~ This Sunday morning following services we will have our monthly feelowship.

~ Sinspiration this Sunday night at church. Ya’ll Come!

~ On the main page of the Web site for the Evangelical Lutheran Church in Canada: "In a show of near anonymity, the convention approved full communion with the Anglican Church of Canada."

~ Lift up our Messianic brothers and sisters in Israel who are suffering during our prayer time.

~ Glory of God to all and peas to his people on earth

~ Join us for a skirt presented by the Drama Team.

~ We will have a Super Bowel party this Sunday night. We will also have our regular service.

~ Applications are now being accepted for 2 year-old nursery workers.

~ Brother Lamar has gone on to be the Lord.

~ The pastor will light his candle from the altar candles. The ushers will light their candle from the pastor’s candle. The ushers will turn and light each worshipper in the first pew.

~ Song Lyrics: What a friend we have in Jesus, all our sins and briefs to bear.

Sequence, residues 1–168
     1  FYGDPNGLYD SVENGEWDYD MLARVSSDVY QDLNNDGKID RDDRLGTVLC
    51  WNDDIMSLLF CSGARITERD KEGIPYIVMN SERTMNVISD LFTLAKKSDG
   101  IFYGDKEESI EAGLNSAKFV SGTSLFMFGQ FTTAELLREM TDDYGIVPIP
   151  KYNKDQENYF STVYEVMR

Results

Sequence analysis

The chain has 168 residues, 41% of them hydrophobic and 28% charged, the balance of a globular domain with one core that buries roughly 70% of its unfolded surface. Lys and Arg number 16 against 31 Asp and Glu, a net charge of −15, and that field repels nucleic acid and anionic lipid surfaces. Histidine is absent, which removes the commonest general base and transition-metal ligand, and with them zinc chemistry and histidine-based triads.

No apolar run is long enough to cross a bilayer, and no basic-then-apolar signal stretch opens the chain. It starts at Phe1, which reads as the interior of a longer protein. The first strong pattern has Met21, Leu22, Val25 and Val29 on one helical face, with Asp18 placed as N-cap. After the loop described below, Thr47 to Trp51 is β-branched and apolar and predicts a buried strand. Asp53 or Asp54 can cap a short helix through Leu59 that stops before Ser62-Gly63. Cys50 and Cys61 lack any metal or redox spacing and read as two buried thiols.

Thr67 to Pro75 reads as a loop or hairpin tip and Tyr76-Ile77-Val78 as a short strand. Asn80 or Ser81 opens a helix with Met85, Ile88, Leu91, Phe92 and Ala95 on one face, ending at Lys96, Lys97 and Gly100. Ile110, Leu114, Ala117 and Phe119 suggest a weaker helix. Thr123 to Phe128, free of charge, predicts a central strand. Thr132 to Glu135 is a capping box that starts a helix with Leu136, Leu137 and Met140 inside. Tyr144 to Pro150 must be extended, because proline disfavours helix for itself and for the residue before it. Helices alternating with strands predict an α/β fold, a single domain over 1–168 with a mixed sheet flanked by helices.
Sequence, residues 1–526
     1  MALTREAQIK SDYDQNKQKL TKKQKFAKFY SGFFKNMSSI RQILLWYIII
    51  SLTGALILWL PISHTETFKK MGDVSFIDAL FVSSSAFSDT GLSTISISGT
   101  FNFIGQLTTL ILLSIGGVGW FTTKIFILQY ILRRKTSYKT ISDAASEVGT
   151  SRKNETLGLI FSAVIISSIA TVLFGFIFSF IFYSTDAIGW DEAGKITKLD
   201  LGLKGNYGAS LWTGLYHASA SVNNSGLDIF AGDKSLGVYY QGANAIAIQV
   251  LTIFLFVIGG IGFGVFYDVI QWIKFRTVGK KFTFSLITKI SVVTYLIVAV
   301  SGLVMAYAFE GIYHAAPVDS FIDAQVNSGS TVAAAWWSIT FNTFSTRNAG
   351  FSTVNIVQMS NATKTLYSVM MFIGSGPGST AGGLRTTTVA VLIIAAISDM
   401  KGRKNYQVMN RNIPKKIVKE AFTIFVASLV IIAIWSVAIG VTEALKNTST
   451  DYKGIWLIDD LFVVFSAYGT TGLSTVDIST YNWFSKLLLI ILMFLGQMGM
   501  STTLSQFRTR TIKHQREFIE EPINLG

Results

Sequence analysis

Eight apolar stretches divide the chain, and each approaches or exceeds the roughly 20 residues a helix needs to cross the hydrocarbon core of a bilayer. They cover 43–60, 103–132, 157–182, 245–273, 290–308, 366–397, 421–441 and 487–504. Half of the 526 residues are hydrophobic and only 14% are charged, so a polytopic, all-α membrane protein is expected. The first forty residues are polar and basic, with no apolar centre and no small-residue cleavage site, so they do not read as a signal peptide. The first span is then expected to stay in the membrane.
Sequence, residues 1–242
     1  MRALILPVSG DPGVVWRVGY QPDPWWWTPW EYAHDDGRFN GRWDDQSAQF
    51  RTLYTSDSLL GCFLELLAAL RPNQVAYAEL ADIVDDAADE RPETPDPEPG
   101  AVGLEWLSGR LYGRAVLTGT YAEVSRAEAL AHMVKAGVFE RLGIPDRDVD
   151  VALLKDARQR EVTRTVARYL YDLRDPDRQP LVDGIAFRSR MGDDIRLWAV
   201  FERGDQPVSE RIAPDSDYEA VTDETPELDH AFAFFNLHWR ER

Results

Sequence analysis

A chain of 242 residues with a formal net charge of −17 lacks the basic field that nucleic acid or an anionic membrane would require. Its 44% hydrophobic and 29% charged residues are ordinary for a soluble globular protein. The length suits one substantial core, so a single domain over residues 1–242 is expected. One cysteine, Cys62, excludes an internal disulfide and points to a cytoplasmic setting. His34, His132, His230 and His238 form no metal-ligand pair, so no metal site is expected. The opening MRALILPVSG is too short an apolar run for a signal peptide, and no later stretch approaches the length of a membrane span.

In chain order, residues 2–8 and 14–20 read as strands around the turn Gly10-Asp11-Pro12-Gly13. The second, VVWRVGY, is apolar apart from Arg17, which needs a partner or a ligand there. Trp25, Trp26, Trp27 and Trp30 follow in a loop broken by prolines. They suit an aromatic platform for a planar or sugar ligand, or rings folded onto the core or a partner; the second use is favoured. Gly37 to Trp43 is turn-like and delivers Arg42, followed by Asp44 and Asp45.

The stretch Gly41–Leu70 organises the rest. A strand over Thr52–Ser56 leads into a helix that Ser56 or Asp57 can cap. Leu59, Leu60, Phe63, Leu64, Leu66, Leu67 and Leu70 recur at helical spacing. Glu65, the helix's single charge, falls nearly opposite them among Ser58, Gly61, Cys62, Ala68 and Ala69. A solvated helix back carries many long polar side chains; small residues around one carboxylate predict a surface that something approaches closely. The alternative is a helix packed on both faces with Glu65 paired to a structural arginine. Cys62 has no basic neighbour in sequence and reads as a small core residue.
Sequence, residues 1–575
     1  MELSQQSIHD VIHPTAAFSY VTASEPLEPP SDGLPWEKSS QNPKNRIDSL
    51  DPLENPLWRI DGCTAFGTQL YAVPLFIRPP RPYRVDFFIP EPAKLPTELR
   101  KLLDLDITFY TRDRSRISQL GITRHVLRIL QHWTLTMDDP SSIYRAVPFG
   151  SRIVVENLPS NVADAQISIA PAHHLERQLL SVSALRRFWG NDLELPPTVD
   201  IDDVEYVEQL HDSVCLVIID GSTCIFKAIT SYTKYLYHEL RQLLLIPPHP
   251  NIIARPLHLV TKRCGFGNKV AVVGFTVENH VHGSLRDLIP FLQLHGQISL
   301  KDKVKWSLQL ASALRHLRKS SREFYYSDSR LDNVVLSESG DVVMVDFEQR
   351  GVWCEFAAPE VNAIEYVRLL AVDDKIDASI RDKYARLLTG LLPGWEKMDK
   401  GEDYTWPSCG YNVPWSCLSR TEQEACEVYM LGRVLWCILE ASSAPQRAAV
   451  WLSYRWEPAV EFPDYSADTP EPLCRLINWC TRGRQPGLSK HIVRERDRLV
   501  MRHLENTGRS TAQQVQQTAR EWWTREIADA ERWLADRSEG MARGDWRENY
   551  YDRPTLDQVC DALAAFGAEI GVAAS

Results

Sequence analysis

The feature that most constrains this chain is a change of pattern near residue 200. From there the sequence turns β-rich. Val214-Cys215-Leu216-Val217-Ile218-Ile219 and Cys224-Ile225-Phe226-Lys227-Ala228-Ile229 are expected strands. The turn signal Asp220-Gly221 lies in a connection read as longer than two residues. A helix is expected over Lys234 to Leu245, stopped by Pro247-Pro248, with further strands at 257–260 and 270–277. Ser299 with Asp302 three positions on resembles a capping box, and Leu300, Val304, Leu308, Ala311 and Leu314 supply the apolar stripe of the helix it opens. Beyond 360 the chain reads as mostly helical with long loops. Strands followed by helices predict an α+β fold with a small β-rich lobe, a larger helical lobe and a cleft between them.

~ Church sign: Jesus Saves!
Grocery store sign across the street: Safeway saves you more!

~ When their meeting was cancelled one week: There will be no Moms Who Care this week.

If only he’d gone for millions instead.

According to an April 29 story in the Fort Worth Star-Telegram, an aspiring record label owner is singing the blues after he was arrested trying to pass a $360 billion check at a local bank. (That’s “billion” with a b.)

Employees at the Chase Bank were suspicious after seeing all those zeroes (10 to be exact), so they called the check’s owner. The woman said the suspect is her daughter’s boyfriend and he did not have permission to take the check or cash it. He was arrested on suspicion of fraud, along with unlawfully carrying a weapon and possession of marijuana after officers found less than 2 ounces of the drug and a handgun in his pockets.

Once inside a patrol car, the suspect told police he is starting his own record label and had been given the money by his girlfriend’s mother to help.

Apparently breaking into the music business is an expensive proposition.